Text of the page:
Forbes has just released its list of the 400 Richest People in America. The combined net worth of these men and women clocks in at a staggering $1.7 trillion dollars. And here’s the truly amazing part: Some 70 percent of this year’s 400 built their fortunes from the ground up. If you’re a parent, this statistic may lead you to wonder: Will my kids ever have a shot at this kind of success?
Absolutely, says author and speaker Gregory Downing — but first they’ll have to learn to think and work like entrepreneurs.
“The Forbes 400 list proves that you don’t have to be born wealthy,” asserts Gregory Downing, author of “Entrepreneur Unleashed: Wealth to Stand the Test of Time” (Legacy Unleashed Press, 2012 as well as an upcoming book on providing a financial legacy for kids. “You just have to have the right skills and know how to leverage them. But here’s the thing: Your chances will dramatically improve if you can learn these skills, and the mindset to apply them, at an early age.”
Of course, raising billionaires might not be your goal. Maybe you just want your kids to grow up to be financially stable, live comfortable lives, and maybe retire someday. Even if that’s the case, Downing insists, they must learn to think about working and building wealth in a new way. That’s because the world is undergoing a profound shift.
“The old path — get good grades, go to college, get a good job, and save money — no longer leads anywhere you’d want your kids to go,” he says. “Degrees are a dime a dozen. College grads are moving back home with six-figure debt. Gold-watch jobs are a relic of another era. We’ve entered the age of the entrepreneur, and those who blindly pursue the rules of an earlier time will be left behind.”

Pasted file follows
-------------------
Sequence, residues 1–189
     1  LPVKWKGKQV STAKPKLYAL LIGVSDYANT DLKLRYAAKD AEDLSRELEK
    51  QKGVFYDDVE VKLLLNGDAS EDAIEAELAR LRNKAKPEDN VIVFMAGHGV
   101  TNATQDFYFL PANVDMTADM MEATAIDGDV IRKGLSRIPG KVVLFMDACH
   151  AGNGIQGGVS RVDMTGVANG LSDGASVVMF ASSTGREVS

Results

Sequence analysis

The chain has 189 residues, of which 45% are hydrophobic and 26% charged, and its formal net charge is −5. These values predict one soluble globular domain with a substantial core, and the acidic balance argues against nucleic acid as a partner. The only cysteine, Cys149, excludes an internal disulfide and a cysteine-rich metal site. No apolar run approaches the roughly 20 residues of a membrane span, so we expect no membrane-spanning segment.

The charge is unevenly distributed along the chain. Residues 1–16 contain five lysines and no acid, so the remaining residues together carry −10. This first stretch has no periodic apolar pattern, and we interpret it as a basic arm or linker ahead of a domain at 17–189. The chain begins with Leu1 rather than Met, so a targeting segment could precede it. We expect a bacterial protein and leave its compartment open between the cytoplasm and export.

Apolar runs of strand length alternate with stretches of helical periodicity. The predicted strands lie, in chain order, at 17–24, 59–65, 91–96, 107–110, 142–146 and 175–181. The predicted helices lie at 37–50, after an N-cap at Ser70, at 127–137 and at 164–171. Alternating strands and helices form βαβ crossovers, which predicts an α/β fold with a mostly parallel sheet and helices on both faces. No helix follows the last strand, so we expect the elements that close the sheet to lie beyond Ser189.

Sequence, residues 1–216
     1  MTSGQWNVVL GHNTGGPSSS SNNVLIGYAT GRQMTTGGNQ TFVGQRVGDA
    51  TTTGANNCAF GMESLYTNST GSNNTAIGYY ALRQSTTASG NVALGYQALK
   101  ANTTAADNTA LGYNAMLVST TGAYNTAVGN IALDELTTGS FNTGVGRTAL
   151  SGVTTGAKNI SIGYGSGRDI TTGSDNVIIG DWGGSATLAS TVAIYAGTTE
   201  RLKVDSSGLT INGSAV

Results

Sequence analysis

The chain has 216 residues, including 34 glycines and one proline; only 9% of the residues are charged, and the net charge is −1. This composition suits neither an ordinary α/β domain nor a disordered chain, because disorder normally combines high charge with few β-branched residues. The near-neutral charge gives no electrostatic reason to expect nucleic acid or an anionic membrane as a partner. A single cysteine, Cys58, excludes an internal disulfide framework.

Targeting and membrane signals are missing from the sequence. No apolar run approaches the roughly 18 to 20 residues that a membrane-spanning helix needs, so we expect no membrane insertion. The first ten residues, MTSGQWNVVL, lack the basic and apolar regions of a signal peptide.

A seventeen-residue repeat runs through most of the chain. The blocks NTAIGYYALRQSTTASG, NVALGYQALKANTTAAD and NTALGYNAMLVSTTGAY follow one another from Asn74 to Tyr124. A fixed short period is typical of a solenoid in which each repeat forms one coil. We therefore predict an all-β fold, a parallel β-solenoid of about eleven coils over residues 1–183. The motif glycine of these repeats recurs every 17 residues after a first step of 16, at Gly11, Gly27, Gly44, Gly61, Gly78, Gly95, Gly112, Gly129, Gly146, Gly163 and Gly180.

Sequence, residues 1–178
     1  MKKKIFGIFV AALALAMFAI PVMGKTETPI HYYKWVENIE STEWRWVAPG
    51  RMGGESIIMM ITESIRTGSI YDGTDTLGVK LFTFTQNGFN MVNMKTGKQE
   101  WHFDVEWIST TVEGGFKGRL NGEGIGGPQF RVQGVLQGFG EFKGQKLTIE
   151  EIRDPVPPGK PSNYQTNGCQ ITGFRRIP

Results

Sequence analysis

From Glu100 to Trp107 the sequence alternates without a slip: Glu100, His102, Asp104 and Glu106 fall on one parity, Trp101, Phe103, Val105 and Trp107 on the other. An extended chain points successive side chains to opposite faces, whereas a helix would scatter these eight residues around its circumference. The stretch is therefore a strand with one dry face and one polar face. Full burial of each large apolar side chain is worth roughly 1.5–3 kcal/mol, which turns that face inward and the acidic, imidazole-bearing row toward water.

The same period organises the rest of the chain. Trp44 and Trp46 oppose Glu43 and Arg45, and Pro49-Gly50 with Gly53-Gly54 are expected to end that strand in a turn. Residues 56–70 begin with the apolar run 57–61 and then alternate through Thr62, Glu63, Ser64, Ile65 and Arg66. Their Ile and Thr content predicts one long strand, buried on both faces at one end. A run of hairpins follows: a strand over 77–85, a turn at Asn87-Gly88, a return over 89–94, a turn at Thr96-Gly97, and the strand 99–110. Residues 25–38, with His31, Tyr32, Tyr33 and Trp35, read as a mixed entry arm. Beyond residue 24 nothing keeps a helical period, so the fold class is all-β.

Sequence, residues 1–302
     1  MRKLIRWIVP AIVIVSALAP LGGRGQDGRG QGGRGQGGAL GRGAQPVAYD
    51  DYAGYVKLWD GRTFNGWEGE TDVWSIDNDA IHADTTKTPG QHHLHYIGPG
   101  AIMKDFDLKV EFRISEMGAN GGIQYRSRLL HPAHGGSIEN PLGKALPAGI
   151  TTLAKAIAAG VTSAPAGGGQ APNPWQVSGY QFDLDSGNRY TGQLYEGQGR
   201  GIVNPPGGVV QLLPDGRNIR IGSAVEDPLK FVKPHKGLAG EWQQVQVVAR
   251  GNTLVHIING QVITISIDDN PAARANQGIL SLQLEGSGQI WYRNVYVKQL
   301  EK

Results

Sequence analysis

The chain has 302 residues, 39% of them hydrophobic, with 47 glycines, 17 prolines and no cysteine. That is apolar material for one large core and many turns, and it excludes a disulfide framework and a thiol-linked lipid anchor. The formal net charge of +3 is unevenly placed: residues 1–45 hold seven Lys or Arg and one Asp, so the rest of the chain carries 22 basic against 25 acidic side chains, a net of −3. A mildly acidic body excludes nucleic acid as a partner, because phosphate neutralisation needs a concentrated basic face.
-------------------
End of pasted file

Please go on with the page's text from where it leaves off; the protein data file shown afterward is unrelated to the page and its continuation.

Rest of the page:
Downing puts his money where his mouth is. A former car dealership manager who made the leap to entrepreneurship and motivational speaking, he is teaching his 16-year-old son the ropes of real estate investing. Greg Junior is on track to amass a net worth of a million dollars by the time he starts college.
Teaching kids the basics of entrepreneurship is not a radical notion, insists Downing. It’s a necessity. Even people who do end up working for someone else will be expected to think and work like entrepreneurs. The more we narrate the mindset and the skills of entrepreneurship to our kids — and even better, let them experience the reality for themselves the more suited they’ll be for tomorrow’s workforce.
“Teaching these foundational skills is not optional if we want our children to be able to thrive in today’s world, “says Downing.